Real Estate Seller Financing: The Difference Between Purchase Money Mortgages and Land Contracts
Article by Brian McMahon
Purchase Money Mortgages and Land Contracts are two methods of “Seller Financing” used in the sale of real estate. Seller Financing is most commonly used when a real estate buyer is unable to obtain financing from a financial institution, such as a credit union or a bank, because of credit issues for one reason or another (e.g. recent divorce, recent bankruptcy, etc.). The most common reasons a real estate seller would agree to Seller Financing are either because of a unique or personal relationship with the buyer (e.g. family member, etc.) or the seller has not been able to find a buyer who is interested in the property and qualifies for financing from a financial institution. It is important to note that Seller Financing may not be available if the seller already has a mortgage on the real estate that will not be paid off at the time of the sale to the buyer. The reason for this is that nearly all mortgages with financial institutions include a “due on transfer” clause requiring the immediate pay-off of the mortgage by the seller that would likely be triggered by the sale of the real estate to buyer.
A seller who agrees to transfer real estate using a Purchase Money Mortgage has effectively agreed to “act as the bank.” That is, the steps required by the seller to implement a Purchase Money Mortgage are the same as if a financial institution were involved. Like a transaction involving a financial institution, the buyer signs a promissory note and grants the seller a mortgage against the real estate being sold as the collateral. The remedy available to the seller in the event of a default by the buyer in this circumstance is the same as would be available to a financial institution. Namely, the seller has the right to “foreclose” on the mortgage. The foreclosure process is outside the scope of this article, but suffice it to say that it involves the filing of a complaint in the county where the property is located, obtaining a judgment against the buyer and the subsequent sale of the real estate at public auction. If the sale proceeds from the public auction are more than the amount of the judgment against the buyer, the buyer receives the excess sale proceeds. If the sale proceeds from the public auction are less than the amount of the judgment against the buyer, the seller can pursue the buyer for the “deficiency” using the normal methods of collection (e.g. garnishment of bank accounts, wages, etc.).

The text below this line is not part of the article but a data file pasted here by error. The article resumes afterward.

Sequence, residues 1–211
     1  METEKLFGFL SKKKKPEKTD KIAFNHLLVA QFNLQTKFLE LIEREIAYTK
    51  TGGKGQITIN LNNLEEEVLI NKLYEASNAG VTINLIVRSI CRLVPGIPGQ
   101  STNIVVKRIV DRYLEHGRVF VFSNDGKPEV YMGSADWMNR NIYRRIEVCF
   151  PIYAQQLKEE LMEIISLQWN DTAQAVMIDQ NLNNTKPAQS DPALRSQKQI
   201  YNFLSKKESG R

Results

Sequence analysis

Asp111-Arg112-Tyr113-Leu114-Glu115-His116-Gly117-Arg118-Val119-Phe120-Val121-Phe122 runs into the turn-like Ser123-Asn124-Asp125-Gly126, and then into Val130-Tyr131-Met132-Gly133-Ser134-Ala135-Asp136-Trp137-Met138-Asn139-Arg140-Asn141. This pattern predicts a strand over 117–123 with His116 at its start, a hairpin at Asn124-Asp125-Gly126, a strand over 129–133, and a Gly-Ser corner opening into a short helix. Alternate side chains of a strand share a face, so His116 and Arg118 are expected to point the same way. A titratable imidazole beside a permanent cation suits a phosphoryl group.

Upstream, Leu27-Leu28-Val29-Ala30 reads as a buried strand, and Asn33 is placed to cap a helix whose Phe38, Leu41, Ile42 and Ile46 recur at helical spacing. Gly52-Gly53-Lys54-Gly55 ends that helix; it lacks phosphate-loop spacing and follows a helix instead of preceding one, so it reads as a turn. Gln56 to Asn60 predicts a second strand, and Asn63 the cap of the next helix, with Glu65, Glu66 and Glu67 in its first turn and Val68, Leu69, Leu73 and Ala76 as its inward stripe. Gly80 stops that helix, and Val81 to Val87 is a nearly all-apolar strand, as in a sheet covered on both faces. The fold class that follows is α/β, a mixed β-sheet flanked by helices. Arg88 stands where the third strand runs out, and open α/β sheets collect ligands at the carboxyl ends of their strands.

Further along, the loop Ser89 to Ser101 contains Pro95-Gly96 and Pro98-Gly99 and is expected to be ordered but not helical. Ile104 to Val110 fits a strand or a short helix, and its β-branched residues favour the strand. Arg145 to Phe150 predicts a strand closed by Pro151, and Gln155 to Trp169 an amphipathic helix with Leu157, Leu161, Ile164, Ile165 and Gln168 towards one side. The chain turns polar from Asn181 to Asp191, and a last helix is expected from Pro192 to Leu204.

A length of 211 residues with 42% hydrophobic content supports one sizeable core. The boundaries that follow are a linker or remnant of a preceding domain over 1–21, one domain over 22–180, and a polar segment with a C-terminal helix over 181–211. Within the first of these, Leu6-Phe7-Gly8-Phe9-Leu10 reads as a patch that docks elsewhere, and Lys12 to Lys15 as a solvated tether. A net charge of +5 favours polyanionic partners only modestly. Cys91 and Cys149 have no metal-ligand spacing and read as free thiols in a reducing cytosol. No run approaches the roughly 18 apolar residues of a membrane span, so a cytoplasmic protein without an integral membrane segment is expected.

By contrast, the sale of real estate using a Land Contract does not include a promissory note or a mortgage. Instead, seller and buyer enter into a contract (i.e. a “Land Contract”) wherein the seller conveys “equitable title” to the buyer but keeps “legal title” to the real estate. The Land Contract will include a number of terms and conditions, not the least of which are that the buyer agrees to make payments and that the seller agrees to convey “legal title” to buyer once all of the terms and conditions of the Land Contract are satisfied. Like a Purchase Money Mortgage, one of the remedies available to the seller in the event of default is to file a foreclosure action. However, unlike a Purchase Money Mortgage seller, the Land Contract seller also has the option to file a “forfeiture action.” If successful in this action, the seller is allowed to keep the down payment and all payments made by the buyer as “rent.” In addition, the seller gets complete ownership of the property back without public sale.
Because of the additional remedy of forfeiture, I most commonly recommend the use of a Land Contract. However, regardless of which method of Seller Financing is used, it is very important that the seller obtain legal advice from a real estate attorney because of the various consumer financing laws involved and other risks of “acting as the bank."
Posted on December 09, 2014
Tagged as Real Estate